Thomas Jane talks about The Lycan, getting fired from Headshot, and his western
What I love about Tom Jane is how utterly f*cking random he is. During Comic-Con panels he sits barefooted, indian style on the table, loves comics, and dressed up as The Rocketeer to a 20th anniversary event. He never apologizes for his behavior and is rather blunt when speaking candidly. He's fun.
Collider got the lowdown on a few subjects including THE LYCAN, why he was fired from HEADSHOT, and gives details on a western he's written.
Let's begin with his newest project, THE LYCAN. Obviously it's a werewolf movie and Jane really digs it, "I’m doing a werewolf movie called, The Lycan, which is a gothic werewolf romance set in the late 1700s. it’s f*ckin’ cool. It’s basically Alien, set in a castle, with werewolves."
The deets on the HEADSHOT situation:
JANE: Well, Wayne Kramer brought me into the project and when Wayne left the project I suggested Walter Hill to Stallone and the next week they hired Walter Hill and I was very happy about that because I’ve always wanted to work with him.
Collider: But then did the studio sort of…
JANE: Well, Joel Silver came onboard the project and said that he has a quote-unquote ‘formula’ for these quote-unquote ‘buddy movies’ and it has to be a white guy and a quote-unquote ‘ethnic guy.’ And they relieved me of duty and basically paid me off, which I was really upset about, you know? I didn’t get a call from Stallone. I was a little upset about that. Maybe they didn’t want anybody on the movie with a bigger dick than him.
Collider: Wayne Kramer was sort of abruptly fired from that film too. Was it over him being too violent? Because I’ve been told that it’s still an R-rated movie and Stallone’s comment was that [Kramer had] made a [script] that was too violent and that they were doing something that was a little less extreme.
JANE: Well, Wayne Kramer is very dark, very extreme, which I personally like. But I know that Stallone is a bit more of a traditionalist. That doesn’t make it worse it just makes it different. Walter Hill for my money was the man to fulfill both. He can do great with character and he’s great with action. So he is the man…I hope they can still make a great film without me.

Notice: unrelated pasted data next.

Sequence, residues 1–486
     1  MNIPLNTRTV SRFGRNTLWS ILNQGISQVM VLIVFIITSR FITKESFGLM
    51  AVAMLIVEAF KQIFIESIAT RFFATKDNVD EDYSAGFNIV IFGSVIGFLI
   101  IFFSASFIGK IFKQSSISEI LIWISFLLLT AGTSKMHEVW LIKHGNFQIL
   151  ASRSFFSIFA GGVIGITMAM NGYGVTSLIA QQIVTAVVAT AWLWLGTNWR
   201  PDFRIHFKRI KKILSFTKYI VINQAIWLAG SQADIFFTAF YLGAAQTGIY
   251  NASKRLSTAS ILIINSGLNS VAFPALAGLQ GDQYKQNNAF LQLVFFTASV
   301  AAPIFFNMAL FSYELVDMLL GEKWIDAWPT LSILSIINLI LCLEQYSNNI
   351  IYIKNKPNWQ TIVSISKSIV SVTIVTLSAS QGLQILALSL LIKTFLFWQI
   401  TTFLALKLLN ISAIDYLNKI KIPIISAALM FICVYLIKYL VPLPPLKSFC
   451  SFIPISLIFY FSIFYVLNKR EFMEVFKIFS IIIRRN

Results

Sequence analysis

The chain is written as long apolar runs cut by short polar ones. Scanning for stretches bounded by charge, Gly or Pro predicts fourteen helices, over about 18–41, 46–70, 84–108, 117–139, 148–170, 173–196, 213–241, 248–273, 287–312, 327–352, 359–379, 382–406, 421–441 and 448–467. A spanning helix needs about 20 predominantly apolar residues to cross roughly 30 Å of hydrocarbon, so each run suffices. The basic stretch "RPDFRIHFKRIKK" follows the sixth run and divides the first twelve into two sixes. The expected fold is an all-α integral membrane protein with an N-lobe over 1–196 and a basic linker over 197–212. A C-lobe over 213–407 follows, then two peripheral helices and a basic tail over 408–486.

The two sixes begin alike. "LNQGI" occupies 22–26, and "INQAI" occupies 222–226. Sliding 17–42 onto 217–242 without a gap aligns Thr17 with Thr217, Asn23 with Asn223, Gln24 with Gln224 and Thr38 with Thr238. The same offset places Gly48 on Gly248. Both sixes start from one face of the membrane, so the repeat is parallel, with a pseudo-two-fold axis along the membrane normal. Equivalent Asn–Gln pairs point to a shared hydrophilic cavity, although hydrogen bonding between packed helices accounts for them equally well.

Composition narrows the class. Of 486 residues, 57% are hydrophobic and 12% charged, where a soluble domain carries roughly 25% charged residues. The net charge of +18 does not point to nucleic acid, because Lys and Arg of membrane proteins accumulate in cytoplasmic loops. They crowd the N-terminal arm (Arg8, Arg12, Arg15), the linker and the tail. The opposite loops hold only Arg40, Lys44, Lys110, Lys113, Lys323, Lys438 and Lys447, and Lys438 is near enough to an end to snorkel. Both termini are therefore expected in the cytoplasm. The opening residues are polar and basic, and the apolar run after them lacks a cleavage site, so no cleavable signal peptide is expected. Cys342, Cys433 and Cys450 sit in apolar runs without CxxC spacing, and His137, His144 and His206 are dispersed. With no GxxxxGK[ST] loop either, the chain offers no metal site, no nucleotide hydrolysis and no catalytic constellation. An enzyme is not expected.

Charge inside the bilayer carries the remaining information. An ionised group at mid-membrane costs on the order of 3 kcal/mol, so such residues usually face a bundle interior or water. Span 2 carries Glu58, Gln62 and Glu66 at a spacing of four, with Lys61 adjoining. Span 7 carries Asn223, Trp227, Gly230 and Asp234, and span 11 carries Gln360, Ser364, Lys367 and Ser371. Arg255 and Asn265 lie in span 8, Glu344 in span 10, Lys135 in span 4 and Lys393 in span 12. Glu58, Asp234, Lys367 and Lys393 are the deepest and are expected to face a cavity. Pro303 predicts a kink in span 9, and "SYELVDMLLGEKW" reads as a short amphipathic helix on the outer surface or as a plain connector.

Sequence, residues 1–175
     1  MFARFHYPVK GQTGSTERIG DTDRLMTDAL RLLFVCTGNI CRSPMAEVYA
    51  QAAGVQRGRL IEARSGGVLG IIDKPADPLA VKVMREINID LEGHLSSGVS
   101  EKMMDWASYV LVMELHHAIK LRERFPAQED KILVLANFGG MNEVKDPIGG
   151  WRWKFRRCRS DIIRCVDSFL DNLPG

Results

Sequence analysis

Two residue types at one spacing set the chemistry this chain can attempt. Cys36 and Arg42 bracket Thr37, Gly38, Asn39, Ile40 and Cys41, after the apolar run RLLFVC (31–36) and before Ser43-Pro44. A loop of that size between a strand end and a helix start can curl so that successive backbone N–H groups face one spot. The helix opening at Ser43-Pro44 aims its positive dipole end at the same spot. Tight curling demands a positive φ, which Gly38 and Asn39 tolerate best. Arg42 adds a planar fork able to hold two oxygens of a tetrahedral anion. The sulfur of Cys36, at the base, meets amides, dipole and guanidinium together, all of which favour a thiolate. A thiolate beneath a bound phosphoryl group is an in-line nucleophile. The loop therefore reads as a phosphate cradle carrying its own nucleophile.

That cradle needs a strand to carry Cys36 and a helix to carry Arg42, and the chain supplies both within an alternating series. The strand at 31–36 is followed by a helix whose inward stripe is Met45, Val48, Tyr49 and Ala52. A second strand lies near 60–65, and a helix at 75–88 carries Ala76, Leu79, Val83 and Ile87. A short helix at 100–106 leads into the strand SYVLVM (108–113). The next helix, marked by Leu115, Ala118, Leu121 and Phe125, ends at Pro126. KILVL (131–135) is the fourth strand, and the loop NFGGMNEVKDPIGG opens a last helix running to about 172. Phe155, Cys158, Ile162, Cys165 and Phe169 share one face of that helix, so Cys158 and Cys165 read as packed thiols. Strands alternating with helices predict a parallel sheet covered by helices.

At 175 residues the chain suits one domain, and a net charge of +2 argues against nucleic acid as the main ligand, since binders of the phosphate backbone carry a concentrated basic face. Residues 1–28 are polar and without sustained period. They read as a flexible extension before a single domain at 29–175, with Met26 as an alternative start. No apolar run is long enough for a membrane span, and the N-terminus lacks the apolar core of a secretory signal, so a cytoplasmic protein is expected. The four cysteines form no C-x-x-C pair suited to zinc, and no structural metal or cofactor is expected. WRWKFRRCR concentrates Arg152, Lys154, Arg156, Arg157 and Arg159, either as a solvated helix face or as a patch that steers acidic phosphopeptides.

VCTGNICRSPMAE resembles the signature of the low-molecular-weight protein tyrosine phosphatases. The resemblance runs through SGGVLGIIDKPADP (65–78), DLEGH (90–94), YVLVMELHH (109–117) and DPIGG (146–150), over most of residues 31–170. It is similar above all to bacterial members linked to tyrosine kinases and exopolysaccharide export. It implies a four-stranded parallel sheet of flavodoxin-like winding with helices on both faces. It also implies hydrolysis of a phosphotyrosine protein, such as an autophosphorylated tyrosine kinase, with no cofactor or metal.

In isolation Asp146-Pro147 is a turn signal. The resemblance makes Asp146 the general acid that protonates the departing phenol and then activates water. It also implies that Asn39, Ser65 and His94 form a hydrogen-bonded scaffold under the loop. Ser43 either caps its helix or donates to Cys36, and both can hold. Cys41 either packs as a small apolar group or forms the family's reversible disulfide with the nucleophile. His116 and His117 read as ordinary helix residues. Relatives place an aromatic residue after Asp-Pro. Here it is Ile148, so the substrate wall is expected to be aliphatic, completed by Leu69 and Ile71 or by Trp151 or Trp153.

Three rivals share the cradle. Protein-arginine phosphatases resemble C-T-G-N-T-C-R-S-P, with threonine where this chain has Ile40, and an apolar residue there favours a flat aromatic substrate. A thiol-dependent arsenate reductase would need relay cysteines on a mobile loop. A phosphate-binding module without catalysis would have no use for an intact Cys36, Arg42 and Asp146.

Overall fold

Collider: Is there any chance they could find another role in the film for you?
JANE: I doubt it. I’m kinda like the spurned lover…let ‘em go shoot themselves.
Collider: In the head?
JANE: No, I mean…shoot the film themselves. (laughter).
"I’ve got a dream to do a big anamorphic, old John Ford style western. Everybody wants to do a deconstruction of a western. After Sergio Leone broke open the mold, that kind of became the mold, you know? So now the spaghetti western became the mold of the western. So, the question is, where do you go from there? I want to go back to the roots of the western and try to reconstruct a traditional western in a modern context, in a modern way. To bring all the values of what makes a western great into the modern world, which I haven’t seen yet. True Grit is a modern movie, but it’s not a new kind of western. This movie called Blueberry with Vincent Cassel, they tried to do a kind of surreal western which I thought was a really strong attempt at breaking…break open the western genre. I want to do something different. I want to go back to John Ford, back to anamorphic widescreen, monument valley, that western."